This movement shed light on Troy Davis' situation, undermining one important basis of the death penalty. While state executions do nothing to deter violent crime, they are a way of reinforcing the ultimate authority of the state in administering "justice", giving a tough-guy image to politicians, and scapegoating its victims. There's probably no better example of how capital punishment whips up bloodlust than the thunderous applause for Rick Perry’s boast at the recent presidential debate that he's overseen the killing of 234 death row inmates.
In the streets and the courts
Broad public belief in Troy's innocence put the state of Georgia on the defensive and stopped three successive execution dates. Before his first date on July 17, 2007, the Georgia Board of Pardons issued a stay of execution, which was prolonged while the Georgia courts deliberated on a granting a new trial before eventually failing to do so. Meanwhile, lawyers petitioned the federal Supreme Court to stop the execution.
The U.S. Supreme Court stalled, and a September 2008 date was set for his execution. Just hours before the scheduled time, the Supreme Court intervened and halted the killing—but refused to offer a hearing for his petition. This resulted in a third execution date one month later on October 27, 2008.
Each successive execution date created more urgency and expanded the movement. Hundreds of thousands of signatures were collected and supporters rallied, marched and held vigil in Atlanta and internationally.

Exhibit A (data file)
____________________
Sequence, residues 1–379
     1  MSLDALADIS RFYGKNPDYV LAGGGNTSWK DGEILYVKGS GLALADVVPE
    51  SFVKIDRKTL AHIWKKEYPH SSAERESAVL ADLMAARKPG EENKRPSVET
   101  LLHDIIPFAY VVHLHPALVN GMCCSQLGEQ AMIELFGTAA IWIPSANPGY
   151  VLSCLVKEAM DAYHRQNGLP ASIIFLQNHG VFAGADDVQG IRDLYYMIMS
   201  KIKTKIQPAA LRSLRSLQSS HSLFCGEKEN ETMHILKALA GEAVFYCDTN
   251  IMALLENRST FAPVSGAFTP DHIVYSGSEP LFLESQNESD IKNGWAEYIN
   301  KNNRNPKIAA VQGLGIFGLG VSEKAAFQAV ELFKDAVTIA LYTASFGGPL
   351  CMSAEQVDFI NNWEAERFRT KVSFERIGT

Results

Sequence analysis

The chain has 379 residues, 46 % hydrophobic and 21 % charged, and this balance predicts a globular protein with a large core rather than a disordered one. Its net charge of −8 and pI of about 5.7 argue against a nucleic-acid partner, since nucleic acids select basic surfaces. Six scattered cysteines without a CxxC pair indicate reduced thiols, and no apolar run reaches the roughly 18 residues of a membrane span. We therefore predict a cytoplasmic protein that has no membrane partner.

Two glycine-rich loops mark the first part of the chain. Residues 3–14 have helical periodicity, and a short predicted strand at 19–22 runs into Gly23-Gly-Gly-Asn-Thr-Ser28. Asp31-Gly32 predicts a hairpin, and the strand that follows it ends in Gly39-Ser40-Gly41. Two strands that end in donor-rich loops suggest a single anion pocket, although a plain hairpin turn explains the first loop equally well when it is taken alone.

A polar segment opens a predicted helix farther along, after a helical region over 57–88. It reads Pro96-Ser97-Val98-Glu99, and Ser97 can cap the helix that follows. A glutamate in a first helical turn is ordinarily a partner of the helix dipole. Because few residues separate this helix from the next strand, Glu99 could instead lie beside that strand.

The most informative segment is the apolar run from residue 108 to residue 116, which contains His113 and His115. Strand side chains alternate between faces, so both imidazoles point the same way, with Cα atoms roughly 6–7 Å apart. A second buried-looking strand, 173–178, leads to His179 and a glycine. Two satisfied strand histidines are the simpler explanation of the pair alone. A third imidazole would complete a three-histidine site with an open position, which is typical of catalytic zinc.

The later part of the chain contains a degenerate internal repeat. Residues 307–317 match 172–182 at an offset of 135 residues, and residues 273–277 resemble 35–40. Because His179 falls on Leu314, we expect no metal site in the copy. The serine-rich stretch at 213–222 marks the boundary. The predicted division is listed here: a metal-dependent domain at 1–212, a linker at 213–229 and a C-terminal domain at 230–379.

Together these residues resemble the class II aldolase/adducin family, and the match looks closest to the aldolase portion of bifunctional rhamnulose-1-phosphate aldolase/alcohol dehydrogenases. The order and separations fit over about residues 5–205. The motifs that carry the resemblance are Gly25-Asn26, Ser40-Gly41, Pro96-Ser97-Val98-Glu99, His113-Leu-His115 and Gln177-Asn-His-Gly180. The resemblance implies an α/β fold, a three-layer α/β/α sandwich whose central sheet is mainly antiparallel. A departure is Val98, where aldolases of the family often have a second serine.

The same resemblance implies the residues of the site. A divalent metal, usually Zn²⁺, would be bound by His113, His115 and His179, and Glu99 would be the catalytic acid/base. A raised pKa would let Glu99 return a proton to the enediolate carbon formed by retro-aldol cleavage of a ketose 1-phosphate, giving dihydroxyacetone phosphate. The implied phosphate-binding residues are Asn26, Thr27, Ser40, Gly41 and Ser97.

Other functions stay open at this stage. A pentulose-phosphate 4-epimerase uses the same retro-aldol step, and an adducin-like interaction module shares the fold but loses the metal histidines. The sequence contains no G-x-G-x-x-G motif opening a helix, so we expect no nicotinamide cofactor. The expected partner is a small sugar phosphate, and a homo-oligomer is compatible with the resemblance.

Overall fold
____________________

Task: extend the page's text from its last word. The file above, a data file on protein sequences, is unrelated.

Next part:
Troy Davis' search for justice entered the confusing world of the U.S. legal system, continuing to attempt appeals and petitions to various levels of the courts. Two successive hearings were held (in Spring 2009 and Summer 2010) in different with the goal of winning a new trial.
Unfortunately, while during an initial trial a suspect is innocent until proven, at these hearings Davis' legal team had to prove his innocence in order to overturn the existing conviction. In other words, the burden shifts from the state to Troy Davis. Proving innocence (which has been done in many death row cases—some of them, sadly, posthumously) is nearly impossible without DNA evidence. In the most recent hearing, federal district Judge William Moore ruled, in a very long order, that "the case isn't ironclad"—but that Davis failed to reach a threshold needed to demonstrate innocence.
Recent Developments in the Troy Davis Case
The past year has been relatively quiet in the streets as activists regrouped from the legal attempts to win a new trial.
Meanwhile, broad ethical opposition to the death penalty has led to some macabre twists. In the past, executions have faced the problematic requirement of having a doctor on site—because, of course, participating in a murder violates the Hippocratic Oath.
A drug called sodium thiopental is used for many states with capital punishment, including Georgia. But the companies that manufacture this sedative bar its sale to corrections agencies that perform executions. On March 16, the Georgia Department of Corrections found itself on an unfamiliar side of the "War on Drugs" when the DEA seized several states' supplies of sodium thiopental after learning they had been acquired illegally.
While such episodes won't abolish the death penalty on their own, they can be seen as cracks in the system, the result of decades of action to end the practice for good. Right now, the most important such action you can take is joining the fight to save Troy Davis' life.
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Kathryn Hamoudah of Georgians for Alternatives to the Death Penalty helped with this article.